The Maine Sportsman - New England's Largest Outdoor Publication – Will be publishing my 6th story in their October 2009 edition (Pg. 41-43). The article will be part of the magazines “special sections” and highlight hunting whitetails. The introductory picture for the article is my Mom (Kathy Lloyd). For more information on the Maine Sportsman Magazine or to order a subscription click this link: http://mainesportsman.com. The copy below is the originally submitted unedited version. Enjoy!
Deer Hunting with Average Joe Sportsman
By Stephen Vose
Deer-Hunting - October 2009
My neighbor Joe is the type of friend everyone wants. He is jovial, kind and an all around great guy. Joe works as a self-employed carpenter and he and his wife operate a small vegetable stand. His century old farmhouse and decade old pick-up always seem to be in need of some degree of repair, a challenge Joe always embraces with vim and vigor. Joe’s two active teenagers are involved in a laundry list of academic and sporting activities and he always manages to attend their various functions. In essence, my friend Joe is a fairly average guy who works extremely hard to support his family. Joe’s family is appreciative of his hard work and understands that all he asks for in return is a few Saturdays in November to go deer hunting.
For the average among us we certainly understand Joe’s plight and can sympathize. Work and home commitments, generally combine for many of us to severely limit the amount of time we are able to spend in the woods and on the waters of this great state. The basic facts are that time is not on the side of the average sportsman. Despite all the obligations and responsibilities, how does the average Joe Sportsman find the time to hunt?
Maximize Available Time
There is a reason why 10% of the sportsmen shoot 90% of the deer. The consistently successful, tip the odds in their favor by investing serious amounts of time pursuing their query. While preparation is vital to success, it is also typically a huge time drain. Despite this fact, hunters can still dramatically increase their chances without investing huge amounts of time. By prioritizing important tasks and concentrating on basic skills, you are almost guaranteed to shoot a whitetail this season and save precious time in the process.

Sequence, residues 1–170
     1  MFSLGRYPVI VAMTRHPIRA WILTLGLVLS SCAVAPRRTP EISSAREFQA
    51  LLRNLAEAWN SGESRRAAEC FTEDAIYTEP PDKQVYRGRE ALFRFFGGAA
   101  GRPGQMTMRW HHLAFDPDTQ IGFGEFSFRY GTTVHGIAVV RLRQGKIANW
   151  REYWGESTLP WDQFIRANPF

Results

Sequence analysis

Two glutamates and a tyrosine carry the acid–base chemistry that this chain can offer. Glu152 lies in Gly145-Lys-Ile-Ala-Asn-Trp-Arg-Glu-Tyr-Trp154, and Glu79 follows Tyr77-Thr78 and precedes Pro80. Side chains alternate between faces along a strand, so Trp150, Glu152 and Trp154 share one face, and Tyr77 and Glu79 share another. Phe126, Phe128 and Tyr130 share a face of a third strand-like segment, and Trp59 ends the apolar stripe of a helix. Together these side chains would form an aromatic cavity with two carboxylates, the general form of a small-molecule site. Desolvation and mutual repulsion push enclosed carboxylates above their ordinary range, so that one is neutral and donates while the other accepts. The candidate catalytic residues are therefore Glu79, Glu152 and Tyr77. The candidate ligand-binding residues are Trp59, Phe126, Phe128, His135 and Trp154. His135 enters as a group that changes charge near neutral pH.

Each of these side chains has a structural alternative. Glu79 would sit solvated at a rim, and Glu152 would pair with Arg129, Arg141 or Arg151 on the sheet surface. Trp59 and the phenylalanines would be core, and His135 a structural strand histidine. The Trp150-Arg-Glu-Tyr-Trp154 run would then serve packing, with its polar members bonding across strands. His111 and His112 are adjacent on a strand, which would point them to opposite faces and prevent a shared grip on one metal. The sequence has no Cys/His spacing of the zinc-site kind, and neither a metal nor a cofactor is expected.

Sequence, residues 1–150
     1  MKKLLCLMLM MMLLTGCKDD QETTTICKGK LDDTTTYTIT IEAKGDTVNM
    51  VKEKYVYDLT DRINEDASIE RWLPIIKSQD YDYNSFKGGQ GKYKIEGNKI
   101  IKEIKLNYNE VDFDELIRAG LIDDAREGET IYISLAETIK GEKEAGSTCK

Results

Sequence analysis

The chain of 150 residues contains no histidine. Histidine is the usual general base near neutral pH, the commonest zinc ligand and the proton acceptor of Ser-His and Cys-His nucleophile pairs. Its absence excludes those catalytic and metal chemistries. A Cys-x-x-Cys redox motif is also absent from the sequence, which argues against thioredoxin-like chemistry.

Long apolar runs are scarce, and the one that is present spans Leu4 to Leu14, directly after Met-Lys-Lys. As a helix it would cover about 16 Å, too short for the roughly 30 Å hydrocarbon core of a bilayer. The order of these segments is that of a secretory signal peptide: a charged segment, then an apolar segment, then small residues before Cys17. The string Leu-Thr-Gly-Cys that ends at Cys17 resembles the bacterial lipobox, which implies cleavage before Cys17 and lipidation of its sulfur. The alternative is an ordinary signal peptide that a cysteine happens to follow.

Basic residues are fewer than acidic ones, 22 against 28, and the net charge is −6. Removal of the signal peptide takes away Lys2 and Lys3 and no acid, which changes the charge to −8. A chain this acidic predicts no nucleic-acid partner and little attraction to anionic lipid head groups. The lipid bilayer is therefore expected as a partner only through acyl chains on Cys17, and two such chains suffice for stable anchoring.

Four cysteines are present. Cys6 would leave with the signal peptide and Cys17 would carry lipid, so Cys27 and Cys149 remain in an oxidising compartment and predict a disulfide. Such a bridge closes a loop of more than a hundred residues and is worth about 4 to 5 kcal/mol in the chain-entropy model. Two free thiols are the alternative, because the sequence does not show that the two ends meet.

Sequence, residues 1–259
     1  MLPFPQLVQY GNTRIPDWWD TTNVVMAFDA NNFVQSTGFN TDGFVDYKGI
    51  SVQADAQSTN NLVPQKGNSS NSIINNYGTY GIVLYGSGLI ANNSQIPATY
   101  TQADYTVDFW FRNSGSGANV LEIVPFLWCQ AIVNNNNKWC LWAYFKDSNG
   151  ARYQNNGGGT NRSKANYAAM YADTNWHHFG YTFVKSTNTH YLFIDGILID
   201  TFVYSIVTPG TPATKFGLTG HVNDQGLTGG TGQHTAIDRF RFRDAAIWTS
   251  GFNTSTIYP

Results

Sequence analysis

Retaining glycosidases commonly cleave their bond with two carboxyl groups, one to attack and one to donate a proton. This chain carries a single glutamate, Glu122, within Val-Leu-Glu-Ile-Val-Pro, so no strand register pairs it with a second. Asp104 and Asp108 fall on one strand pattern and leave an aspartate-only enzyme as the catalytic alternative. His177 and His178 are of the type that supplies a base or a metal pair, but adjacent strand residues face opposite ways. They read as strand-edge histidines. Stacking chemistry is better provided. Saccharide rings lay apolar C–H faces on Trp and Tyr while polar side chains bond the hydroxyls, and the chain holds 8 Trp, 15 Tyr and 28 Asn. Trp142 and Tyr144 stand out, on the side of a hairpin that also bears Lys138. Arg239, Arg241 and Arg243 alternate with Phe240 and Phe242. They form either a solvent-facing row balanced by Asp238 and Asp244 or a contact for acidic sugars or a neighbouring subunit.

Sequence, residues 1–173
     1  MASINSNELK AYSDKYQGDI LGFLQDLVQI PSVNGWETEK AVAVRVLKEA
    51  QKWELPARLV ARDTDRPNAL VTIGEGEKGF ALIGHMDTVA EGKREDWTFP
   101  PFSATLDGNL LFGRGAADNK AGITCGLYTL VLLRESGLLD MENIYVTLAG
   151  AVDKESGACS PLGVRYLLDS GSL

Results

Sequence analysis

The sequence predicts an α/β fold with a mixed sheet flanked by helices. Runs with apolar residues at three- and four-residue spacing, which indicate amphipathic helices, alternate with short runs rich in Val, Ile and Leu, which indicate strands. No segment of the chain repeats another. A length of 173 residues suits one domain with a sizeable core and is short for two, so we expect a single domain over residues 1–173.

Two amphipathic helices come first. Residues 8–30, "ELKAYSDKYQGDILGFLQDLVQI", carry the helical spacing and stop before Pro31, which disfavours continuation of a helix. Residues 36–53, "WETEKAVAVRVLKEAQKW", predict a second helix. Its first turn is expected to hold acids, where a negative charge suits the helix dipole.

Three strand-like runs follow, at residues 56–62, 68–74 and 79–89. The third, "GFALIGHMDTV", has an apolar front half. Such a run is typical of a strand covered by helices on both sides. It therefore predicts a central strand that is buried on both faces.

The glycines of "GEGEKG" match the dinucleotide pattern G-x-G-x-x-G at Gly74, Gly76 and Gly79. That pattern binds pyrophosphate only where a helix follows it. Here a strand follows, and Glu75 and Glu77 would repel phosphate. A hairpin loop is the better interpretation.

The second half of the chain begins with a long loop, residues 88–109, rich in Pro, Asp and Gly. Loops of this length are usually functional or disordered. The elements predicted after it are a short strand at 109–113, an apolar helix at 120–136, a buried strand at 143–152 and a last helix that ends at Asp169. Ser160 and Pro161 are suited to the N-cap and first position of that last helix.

Microscout – Identifying Key Areas
Like its counterpart the microwave, a technology that vastly decreases cooking time, microscouting is a means of using available technologies to explore deer habitats, drastically decreasing scouting time.
Maine’s landscape is filled with prime deer habitats within minutes of our urban centers. Checking maps and identifying key areas offering shelter, water and food simplify finding these hidden spots. Exploring promising locations with your eyes rather than your feet is a huge time saver. The trick to maximizing your time is to use the correct tool for the intended task. The Maine Atlas and Gazetteer is an excellent resource for rough estimation of general hunting areas but it does not provide the detail needed for effective visual scouting. Area specific topographical maps and Internet mapping resources such as Google Earth provide a higher level of clarity, allowing sportsmen to easily scan possible hunting areas.
Pick two or three hunting areas, no more than thirty minutes from your house. The idea is to choose locations that can be hunted regularly and accessed easily when your busy schedule allows. Hunters having difficulty finding un-posted hunting areas should consider one of Maine’s Wildlife Management Areas (WMA). A listing of these areas can be found on the Internet via Inland Fisheries and Wildlife’s website.
In May, consider combining your scouting with a spring turkey hunt to maximize your woods time. Invest a couple hours scouting and exploring your chosen spots paying attention to posted signs and securing landowner permission where applicable.
Conduct hasty searches of each area looking for sign (scat, scrapes and rubs) kept preserved during the winter. Look for places to hang a stand or stalking routes. If searches do not yield viable sign or effective set-up locations quickly move on to your next chosen spot. By the end of your survey work, pick a primary and alternate spot should hunting pressure forces you out of your initial location or a once open area become posted.
As the season opener approaches, game cameras are an expensive yet efficient means of gaining information about deer movements without the investment of additional scouting time.